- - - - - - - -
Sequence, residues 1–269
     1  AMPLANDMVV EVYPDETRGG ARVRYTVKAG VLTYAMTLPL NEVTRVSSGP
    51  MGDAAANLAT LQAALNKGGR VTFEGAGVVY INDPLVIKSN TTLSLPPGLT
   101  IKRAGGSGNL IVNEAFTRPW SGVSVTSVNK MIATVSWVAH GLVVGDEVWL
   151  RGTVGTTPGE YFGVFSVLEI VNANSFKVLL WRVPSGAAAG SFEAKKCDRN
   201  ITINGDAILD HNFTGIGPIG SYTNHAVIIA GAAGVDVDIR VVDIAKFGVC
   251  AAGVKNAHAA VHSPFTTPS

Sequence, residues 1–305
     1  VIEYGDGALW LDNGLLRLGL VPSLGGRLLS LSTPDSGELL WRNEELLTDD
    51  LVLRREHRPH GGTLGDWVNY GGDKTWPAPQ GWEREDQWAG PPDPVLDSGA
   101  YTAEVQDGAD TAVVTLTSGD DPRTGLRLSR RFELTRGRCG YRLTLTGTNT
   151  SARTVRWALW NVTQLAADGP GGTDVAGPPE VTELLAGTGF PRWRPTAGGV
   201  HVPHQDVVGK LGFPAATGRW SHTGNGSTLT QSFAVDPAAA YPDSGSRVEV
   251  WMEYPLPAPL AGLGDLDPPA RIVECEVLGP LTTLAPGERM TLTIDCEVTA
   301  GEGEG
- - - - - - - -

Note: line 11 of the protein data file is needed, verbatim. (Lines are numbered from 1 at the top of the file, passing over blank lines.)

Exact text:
   101  YTAEVQDGAD TAVVTLTSGD DPRTGLRLSR RFELTRGRCG YRLTLTGTNT